Johnny, a First Nations woman is stereotypically dressed as a homeless person, ragged clothes and all. She confronts King because she is determined to hear an acknowledgement about the abuse inflicted on her and other children at St. David’s School.  

This is where things get difficult because as an audience member you find yourself caught up in Johnny’s turmoil and distress, and you feel anger at the Anglican bishop because instead of confessing to the wrongs he did to Johnny and the other children at the residential school, he blames the church and says “It wasn’t my fault.”

The Anglican Bishop George King, and Johnny the Indian battle it out verbally before you trying to prove each other wrong but you are left with no clear answer and there is no justice served by the time the play ends. Johnny exits the bishops office saying “I’m just a ghost,” and the lights go down.

Native Earth Performing Arts and Firehall Arts Centre presented Drew Hayden Taylor’s play “God and the Indian” at the Aki Studio in Toronto. On stage between May 2-17, 2015,

GOD AND THE INDIAN stars Lisa C Ravensbergen as Johnny and Thomas Hauff as Anglican Assistant Bishop George King. Vancouver based Ravensbergen is Ojibwe/Swampy Cree and Jessie Award nominated actress.

Original article published in Anishinabek News

Monday, May 4, 2015

Book Review: Peace Pipe Dreams: The Truth about Lies about Indians

Review: Peace Pipe Dreams: The Truth about Lies about Indians
Written by: Darrell Dennis

Reviewed By: Christine Smith (McFarlane)

First Nations people have heard it all, when it comes to the lies or misconceptions that are spread about them. You know, the ones that say “Natives don’t pay taxes” or
Man, you Indians got it good. The government gives you so many breaks.”  The list goes on, but I can’t fit it all into this review.  Boy do I wish I could.

In Peace Pipe Dreams: The Truth about Lies about Indians,” author Darrell Dennis talks about these lies and misconceptions and also tougher subjects like European-Native interactions in North America from the moment of first contact, the fur trade, treaties and residential schools, to today’s topics of what it means to be status Indian, to the proper terminology in which Native people like to be called, amongst other things.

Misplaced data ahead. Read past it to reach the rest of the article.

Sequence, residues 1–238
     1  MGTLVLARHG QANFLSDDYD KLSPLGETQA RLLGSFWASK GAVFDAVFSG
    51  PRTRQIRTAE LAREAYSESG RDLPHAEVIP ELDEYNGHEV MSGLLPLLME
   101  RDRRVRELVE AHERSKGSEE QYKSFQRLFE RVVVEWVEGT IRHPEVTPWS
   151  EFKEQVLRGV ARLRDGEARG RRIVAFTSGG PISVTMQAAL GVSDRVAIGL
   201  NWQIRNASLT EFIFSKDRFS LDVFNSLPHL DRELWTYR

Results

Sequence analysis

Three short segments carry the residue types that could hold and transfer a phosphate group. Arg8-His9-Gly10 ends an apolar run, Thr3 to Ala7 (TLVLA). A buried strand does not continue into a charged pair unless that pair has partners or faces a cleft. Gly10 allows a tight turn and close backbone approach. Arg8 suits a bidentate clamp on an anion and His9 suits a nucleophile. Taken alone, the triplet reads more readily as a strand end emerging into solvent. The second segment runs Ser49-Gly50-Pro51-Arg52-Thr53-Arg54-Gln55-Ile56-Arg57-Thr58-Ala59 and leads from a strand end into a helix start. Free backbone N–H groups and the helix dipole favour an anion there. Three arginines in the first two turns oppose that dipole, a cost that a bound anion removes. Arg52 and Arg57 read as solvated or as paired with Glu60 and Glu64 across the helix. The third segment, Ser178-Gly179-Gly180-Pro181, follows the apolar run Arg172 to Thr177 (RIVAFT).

He also writes about how certain stories of history can illustrate how easily misconceptions about the history of Native people are accepted as fact even without tangible proof. An example of this is how “volumes have been written about the treatment of Native people at the hands of Columbus and his crew.

At first contact, Columbus recorded that the “Indians” treated the newcomers with extreme hospitality and charity. However, the Europeans regarded this kindness as ignorance and inferiority and immediately set about enslaving them, raping them and viciously slaughtering all those who attempted to defend themselves. On subsequent trips to the Americas, Columbus frequently kidnapped Indians to be brought back to Spain as slaves. Many of them did not survive the trip.”

Suffice to say, what I mention above is not what we were taught in our school’s history books, and it is these misrepresentations and misconceptions that continue to feed into what the mainstream public think of First Nations people today.

“Peace Pipe Dreams: The Truth about Lies about Indians” covers all too familiar territory that other writers have written about- such as the book “The Inconvenient Indian” written by Thomas King, but it is done in a way that employs pop culture, personal anecdote and cutting edge wit.  It provides an overview that everyone can connect with in one way or another, and it is important in the sense that it provides a convincing argument for why First Nations issues matter today.

Peace Pipe Dreams: The Truth about Lies about Indians is published by Douglas & McIntyre, and is 232 pages. ISBN: 978-1-77100-040-6